The underground conflict between traditionalist and neo-conservatives continues…
The sheer size and power of Wal-Mart ought to make any conservative wince. A private entity the size of the U.S. military with the economic clout of the Federal Reserve is no friend to liberty. It should be clearly understood that the conservative’s objection to centralized power and wealth–either in its statist or its corporate forms–is primarily, perhaps exclusively, an objection to its capacity for imposing servility and dependence among his fellow citizens, who should be free.
In this, postwar American conservatives are heirs to the Jeffersonian, anti-Federalist and populist arguments of the 18th and 19th centuries. These decentralists, state’s-righters and agrarian champions presumed a basic level of democratic and economic sturdiness and self-sufficiency in the common man. Left to his own devices, it was thought that the common and working classes–the Minutemen of the Revolution, the pioneers of the West–would not willingly don the yoke of servitude, but would prefer to be free,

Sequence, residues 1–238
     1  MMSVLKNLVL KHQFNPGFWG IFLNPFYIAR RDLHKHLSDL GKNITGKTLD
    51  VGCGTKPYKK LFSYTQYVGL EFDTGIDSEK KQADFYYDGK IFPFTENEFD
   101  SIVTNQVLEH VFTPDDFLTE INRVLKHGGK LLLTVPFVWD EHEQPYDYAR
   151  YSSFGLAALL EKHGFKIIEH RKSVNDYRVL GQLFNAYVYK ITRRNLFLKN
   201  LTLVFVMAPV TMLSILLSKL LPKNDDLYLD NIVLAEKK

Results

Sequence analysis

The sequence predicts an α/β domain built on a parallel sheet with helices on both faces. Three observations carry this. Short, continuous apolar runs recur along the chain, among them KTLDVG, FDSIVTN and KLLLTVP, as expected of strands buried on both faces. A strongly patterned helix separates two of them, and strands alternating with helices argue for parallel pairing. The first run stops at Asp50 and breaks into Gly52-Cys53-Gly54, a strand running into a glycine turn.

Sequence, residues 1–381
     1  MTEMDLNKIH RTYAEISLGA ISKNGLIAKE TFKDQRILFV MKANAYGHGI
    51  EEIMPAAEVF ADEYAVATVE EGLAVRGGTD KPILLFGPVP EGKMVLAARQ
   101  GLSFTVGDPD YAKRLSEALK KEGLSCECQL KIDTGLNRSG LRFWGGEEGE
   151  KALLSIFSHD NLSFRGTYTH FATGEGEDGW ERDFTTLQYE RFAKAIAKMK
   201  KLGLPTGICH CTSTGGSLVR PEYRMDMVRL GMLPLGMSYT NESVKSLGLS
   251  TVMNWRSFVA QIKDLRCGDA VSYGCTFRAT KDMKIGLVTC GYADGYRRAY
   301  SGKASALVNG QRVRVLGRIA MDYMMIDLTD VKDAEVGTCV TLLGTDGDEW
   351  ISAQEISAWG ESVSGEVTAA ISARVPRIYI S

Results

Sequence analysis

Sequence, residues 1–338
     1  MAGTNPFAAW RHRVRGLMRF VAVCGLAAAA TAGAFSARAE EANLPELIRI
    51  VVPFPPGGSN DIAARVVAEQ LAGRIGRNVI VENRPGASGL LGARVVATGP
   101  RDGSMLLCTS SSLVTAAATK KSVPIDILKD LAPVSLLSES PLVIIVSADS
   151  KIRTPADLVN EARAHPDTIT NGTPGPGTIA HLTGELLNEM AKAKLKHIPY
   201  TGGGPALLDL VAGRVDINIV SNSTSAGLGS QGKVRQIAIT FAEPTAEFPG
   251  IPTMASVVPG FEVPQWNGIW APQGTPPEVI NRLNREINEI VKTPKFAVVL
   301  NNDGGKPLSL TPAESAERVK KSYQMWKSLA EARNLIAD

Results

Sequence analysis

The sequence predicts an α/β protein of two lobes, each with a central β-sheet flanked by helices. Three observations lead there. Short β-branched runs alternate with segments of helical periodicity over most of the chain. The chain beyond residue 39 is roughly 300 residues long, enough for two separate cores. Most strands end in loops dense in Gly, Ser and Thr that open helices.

despite the sacrifices and hardship such a life might entail.
These traditional conservatives would not have seen the rise of a giant, dominant retailer like Wal-Mart as an advance in “consumer sovereignty,” but rather as forced dependence on faraway manufacturers, cultures, money and decision-makers–and with it, a diminishment of political and economic freedom.
you can see Will’s original editorial, “This big-box is good for the economy” here.
Technorati Tags: cultural conservative, George Will, New Pantagruel, Wal-mart